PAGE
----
Flooding on the Missouri River in Omaha, NE.
The Des Moines Register published an opinion piece yesterday, “Nuclear plants need scrutiny, not hysteria“. Well, yes: it’s nice to avoid irrational concern and it’s crucial not to spread misinformation. However, people aren’t worried just because they have some knee-jerk hysteria over the words “nuclear plant” and “flooding” in the same sentence. Rather, one starts to worry when clear information and explanations aren’t provided, when the official story changes arbitrarily, and when the plant apparently had a close call this year, finishing flood preparations just in time for the rise of the river.
Earlier in June, Fort Calhoun completed additional flood preparations that secured the plant for a Missouri flood stage up to 1014 feet. Previously, the NRC inspectors had charged that the plant would lose offsite power and be unable to acheive a cold shutdown with normal operations, should floodwaters reach 1008 feet–where they are expected to peak in the current flood situation. However, given the contingencies of weather and decisions about upstream dam operations, it’s hard for the COE or anyone else to predict exactly how high the water level will be throughout the summer, until this flooding event is over.
OPPD, which runs the Fort Calhoun plant, protested the NRC’s findings about the flood risks before making necessary changes this year. I can understand why people worry, when serious concerns seem only to have been discovered and then resolved at the last minute. In addition, among the repairs made this year were a concrete barrier and water filled berm–the same ones that recently failed. The berm is no longer functional and the concrete barrier was patched, though no information has been given about the nature of the repairs done, what caused the patch to be needed, or how confident we can be of the barrier’s ongoing success in the current situation.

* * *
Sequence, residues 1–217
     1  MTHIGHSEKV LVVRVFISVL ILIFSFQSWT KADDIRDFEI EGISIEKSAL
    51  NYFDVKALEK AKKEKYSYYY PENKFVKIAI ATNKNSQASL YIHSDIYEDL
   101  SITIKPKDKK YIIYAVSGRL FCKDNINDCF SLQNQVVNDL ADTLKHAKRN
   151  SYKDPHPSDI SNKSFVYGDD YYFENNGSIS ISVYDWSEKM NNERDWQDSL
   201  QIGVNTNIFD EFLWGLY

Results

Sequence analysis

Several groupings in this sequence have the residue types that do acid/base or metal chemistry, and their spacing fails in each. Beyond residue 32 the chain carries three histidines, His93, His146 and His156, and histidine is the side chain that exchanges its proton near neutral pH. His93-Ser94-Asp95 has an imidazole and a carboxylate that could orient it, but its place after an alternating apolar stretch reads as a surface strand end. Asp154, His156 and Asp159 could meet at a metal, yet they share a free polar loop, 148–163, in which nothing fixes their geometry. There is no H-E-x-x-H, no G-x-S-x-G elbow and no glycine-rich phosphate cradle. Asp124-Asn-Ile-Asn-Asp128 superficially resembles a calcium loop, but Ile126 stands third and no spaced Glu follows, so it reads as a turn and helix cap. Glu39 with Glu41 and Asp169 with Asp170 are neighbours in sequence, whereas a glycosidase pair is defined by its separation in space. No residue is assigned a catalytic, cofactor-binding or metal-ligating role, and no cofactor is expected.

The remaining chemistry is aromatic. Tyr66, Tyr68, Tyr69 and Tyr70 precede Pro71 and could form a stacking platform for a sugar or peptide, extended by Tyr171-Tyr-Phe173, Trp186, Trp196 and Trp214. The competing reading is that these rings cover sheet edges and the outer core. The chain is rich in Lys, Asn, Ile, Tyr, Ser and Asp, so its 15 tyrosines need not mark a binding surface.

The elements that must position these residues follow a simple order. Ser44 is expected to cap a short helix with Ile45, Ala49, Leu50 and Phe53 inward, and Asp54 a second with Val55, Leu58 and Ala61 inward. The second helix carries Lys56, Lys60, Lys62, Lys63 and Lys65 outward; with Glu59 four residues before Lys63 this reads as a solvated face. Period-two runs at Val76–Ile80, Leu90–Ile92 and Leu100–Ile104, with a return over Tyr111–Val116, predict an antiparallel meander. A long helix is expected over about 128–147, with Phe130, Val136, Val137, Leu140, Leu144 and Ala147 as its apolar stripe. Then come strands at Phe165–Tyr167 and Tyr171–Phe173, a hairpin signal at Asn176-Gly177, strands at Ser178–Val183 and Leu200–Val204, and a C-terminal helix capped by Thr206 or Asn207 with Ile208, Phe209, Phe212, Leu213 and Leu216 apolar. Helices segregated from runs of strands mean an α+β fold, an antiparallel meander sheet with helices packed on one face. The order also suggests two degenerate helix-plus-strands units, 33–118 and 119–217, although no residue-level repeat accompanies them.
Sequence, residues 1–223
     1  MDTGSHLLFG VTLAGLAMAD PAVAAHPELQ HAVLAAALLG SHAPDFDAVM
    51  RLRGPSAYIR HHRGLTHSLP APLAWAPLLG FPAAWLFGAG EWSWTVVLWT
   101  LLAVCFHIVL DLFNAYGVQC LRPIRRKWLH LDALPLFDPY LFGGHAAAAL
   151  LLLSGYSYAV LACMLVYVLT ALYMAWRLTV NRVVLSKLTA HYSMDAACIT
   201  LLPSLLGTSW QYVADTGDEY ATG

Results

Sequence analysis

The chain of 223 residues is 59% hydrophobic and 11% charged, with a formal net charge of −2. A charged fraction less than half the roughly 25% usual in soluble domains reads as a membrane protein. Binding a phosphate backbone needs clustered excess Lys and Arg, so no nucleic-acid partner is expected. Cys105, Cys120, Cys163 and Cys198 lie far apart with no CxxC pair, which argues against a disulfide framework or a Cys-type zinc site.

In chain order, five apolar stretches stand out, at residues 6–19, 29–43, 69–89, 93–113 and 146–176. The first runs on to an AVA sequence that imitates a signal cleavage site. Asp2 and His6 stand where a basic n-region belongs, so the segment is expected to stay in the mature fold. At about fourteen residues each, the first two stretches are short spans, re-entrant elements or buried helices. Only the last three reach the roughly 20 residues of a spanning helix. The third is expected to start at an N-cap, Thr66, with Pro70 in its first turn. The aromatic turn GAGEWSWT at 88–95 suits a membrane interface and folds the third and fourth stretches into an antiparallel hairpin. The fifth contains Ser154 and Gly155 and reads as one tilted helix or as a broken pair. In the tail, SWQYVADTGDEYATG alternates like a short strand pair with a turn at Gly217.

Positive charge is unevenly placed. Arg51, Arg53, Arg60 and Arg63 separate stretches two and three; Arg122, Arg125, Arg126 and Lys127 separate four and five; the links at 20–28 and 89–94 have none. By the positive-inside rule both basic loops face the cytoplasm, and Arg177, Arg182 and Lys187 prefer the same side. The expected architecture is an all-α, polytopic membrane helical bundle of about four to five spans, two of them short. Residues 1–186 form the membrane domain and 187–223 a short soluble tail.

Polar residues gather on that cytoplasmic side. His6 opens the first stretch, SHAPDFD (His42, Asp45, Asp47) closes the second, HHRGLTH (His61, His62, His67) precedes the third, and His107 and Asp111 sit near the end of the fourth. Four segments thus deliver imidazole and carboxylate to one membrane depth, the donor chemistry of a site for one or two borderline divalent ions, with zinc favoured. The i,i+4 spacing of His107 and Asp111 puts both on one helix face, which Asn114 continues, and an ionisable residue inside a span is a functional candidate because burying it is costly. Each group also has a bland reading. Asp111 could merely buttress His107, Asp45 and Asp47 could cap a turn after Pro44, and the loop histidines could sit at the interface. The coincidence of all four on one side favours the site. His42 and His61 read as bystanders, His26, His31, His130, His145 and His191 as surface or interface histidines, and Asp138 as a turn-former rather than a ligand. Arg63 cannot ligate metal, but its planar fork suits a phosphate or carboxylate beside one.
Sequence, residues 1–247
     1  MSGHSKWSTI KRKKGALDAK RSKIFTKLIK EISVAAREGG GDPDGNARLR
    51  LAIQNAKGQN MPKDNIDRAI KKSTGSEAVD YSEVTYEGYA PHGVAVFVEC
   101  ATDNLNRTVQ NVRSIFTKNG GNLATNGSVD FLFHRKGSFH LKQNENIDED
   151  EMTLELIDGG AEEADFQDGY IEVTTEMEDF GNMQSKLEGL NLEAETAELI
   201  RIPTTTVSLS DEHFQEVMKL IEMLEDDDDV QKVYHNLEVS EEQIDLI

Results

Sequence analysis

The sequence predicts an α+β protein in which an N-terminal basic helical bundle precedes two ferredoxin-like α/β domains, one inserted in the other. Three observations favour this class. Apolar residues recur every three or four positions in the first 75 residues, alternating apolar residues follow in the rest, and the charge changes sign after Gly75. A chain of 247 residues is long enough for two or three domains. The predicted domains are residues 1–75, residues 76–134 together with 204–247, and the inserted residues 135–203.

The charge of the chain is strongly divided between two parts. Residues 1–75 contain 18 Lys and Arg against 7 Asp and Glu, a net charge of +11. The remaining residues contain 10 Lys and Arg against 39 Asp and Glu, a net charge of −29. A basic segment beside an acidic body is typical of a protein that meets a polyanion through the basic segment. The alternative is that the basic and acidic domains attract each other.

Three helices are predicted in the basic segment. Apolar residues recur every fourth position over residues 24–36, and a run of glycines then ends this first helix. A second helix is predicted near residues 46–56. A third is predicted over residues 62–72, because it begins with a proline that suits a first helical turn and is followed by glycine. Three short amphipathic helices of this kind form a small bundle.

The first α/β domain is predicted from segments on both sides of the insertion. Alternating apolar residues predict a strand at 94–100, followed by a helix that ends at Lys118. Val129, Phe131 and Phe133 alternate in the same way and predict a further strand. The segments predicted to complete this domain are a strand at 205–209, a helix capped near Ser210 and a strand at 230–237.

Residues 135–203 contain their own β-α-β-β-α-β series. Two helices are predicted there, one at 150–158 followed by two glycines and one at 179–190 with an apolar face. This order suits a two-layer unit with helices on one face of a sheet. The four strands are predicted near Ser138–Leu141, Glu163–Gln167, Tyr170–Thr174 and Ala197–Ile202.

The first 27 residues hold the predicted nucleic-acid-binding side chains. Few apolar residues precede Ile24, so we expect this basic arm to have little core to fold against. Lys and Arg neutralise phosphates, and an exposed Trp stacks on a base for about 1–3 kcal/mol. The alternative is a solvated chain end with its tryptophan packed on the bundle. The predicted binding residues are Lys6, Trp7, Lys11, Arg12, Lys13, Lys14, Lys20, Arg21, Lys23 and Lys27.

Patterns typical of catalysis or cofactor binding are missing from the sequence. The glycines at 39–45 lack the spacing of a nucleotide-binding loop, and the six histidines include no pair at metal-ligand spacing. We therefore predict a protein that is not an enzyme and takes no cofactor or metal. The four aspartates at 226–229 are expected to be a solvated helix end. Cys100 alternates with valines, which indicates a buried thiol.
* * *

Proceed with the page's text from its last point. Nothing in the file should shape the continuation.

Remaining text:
News stories about the breach of the berm have included assurances from OPPD and the NRC that these barriers were not necessary, as the plant had other adequate back-up measures for flood protection. However, on the NRC’s own blog on 6/22, before their failures, the berm and concrete barrier were specifically cited as important parts of the flood protection improvements. When the officials change their story like this, people can’t help but worry: what else aren’t they telling us accurately or in a timely manner?
Another example of a changing story that appears on the NRC’s own website (June 28) is the admission that Fort Calhoun went into a cold shutdown in April partly because of anticipation of future flooding on the Missouri. This the first I’ve seen any claim to that effect. Indeed, whenever I’ve seen a newspaper story mention the April plant shutdown–in reporting on this incident from the World-Herald to the New York Times–the cause always has been attributed to “refueling” and never to flooding. Now, however, it turns out that officials must have anticipated a problem with flooding for at least a few months, a situation serious enough to warrant shutting down the plant. The Cooper plant (the other nuclear plant in Nebraska, further downstream on the Missouri) remains fully operational, though, and thus would be harder to cool in an emergency.
Yes, Des Moines Register, it’s good to scrutinize plant safety. But I don’t see the Register asking any of these questions or even reporting this information. And yes, it’s good to avoid needless hysteria. I’m not popping any iodide pills over these stories. However, the media does not seem to be demanding information or accountability from officials for recent events, and the agencies in charge are certainly not inspiring confidence with their last-minute efforts and changing accounts of the situation. The more it’s left to random people like me to ask the obvious questions that occur to us, the more room is left for confusion and misinformation to spread.